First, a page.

Find an honest women who has undergone an abortion and she will tell you the truth. She is damaged physically, mentally, emotionally and spiritually. Her health has been damaged.
“Women who have abortions are 81 percent more likely to experience subsequent mental health problems, according to a new study published by Britian’s Royal College of Psychiatrics. The greatest increases were seen in relation to suicidal behaviors and substance abuse.”- Afterabortion.org
The church should be equipped to minister to these women after the fact. That’s a hard pill to swallow. These women are already out there. They exist. They need our help. Who else will they go to? What about the women who refused an abortion and followed through with the birth? Are we pro-life if we don’t support her? Make provisions for her and her child? Or are we just pro-birth?
This is some heavy stuff. As a church we have realize our predicament, we are living in a post-Christian nation. With that in mind, we need to get back to the practice of the early church who ministered the Gospel and followed up with provision to meet the needs of those affected by the current culture. It was the early Christians who opened the first orphanages, made a provision in the church funds to care for the widow and fed the poor. The early church preached the value of life.
“The church has made more changes on earth for the good than any other movement of force in history.”- What if Jesus had never Been Born
Let’s pray, humble ourselves and celebrate they tiny moral victories in a secular world such as this one:

Iowa Gov. Kim Reynolds signed one of the country’s most restrictive abortion bills into law on Friday.

The so-called “heartbeat” legislation bans abortions once a fetal heartbeat has been detected, at about six weeks of pregnancy. -npr.org

 

Let’s gear up, army of God, to fight the good fight on faith on our knees and abandon our personal peace (the desire to be left alone to do our own thing) for action based living.

I know that many of you reading this article are already doing the work suggested, you are praying, fasting, serving, sharing your stories for the benefit of others. You are not only sharing, but acting. I applaud you! I thank you.

Let me leave you with this word:

Blessed be the God and Father of our Lord Jesus Christ, the Father of mercies and God of all comfort,  who comforts us in all our affliction, so that we may be able to comfort those who are in any affliction, with the comfort with which we ourselves are comforted by God.  For as we share abundantly in Christ’s sufferings, so through Christ we share abundantly in comfort too. If we are afflicted, it is for your comfort and salvation; and if we are comforted, it is for your comfort, which you experience when you patiently endure the same sufferings that we suffer.  Our hope for you is unshaken, for we know that as you share in our sufferings, you will also share in our comfort.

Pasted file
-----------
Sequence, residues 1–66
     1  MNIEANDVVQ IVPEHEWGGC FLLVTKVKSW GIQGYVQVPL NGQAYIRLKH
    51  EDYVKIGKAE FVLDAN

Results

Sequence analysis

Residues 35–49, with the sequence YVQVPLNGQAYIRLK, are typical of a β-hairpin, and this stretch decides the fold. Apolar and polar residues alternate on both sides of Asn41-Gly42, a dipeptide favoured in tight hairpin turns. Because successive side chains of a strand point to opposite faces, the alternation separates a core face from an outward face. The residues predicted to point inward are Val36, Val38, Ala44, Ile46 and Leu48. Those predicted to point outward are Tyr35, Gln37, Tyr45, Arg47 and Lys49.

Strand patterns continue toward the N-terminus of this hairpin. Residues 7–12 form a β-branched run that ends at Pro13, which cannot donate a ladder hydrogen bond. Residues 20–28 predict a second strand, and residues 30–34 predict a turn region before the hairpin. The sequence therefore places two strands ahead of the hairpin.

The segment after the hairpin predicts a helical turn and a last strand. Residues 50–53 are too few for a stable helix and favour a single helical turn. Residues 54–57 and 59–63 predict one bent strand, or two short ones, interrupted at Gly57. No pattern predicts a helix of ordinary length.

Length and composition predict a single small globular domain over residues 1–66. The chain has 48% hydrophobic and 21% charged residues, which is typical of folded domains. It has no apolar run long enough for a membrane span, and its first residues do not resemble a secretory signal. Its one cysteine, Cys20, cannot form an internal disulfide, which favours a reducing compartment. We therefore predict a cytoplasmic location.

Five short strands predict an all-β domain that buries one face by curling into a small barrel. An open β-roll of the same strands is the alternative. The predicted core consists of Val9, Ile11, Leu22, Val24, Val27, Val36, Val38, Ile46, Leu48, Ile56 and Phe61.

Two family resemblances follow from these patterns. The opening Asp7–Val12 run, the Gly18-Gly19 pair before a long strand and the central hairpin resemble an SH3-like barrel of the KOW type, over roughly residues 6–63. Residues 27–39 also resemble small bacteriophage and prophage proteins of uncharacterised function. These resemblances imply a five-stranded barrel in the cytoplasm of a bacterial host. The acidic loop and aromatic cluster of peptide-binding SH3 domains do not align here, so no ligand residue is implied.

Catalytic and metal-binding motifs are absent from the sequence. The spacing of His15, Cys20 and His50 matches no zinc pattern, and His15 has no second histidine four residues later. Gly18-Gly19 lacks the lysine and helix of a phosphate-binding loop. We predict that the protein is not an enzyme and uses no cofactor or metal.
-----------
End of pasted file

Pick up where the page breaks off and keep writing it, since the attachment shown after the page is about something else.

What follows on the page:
II Corinthians 1: 3-7

Three Things The Church Needs to do to Prepare for the Lost Coming Home Part 3

*You can find the first in the series here.

A few weeks ago in church, a prophecy was given about an influx of people coming in from “the hollows” (this is WV, people). We were instructed to “get ready” multiple times. When I left the service, the phrase was echoing in my head, get ready, get ready, get ready. Why aren’t we ready? More importantly, why don’t we stay ready? Or why do people come and check out church and promptly turn away.

These are some hefty, thought provoking questions that I don’t know all the answers to. After some thought, prayer and conversations with God and whoever else would listen, I came up with three simple things we regular folk could do. Here’s the third:

  1. Lower your expectations and put the bar higher for grace and mercy.

When newbies come into the church, we often expect them to grow up too soon. They come into the church without a foundation, needing the milk of the Word and we want to feed them steak. It’s a new culture out there. Many people grow up never hearing all the basic Bible stories. Hubby is the restaurant business and many of his employees are college age. In simple, everyday conversations, sometimes basic Bible stories come up: David and Goliath, Daniel and the Lions Den, Sampson, Noah and Moses are often foreign to them.

During my growing up years (totally dating myself here), Bible stories were common knowledge, not only did we hear them at church, we heard them at home and school (especially if you went to Catholic school like I did). Bible stories were woven into the fabric of my childhood. Not true anymore.

Most kids are being raised in homes where church is not a priority..png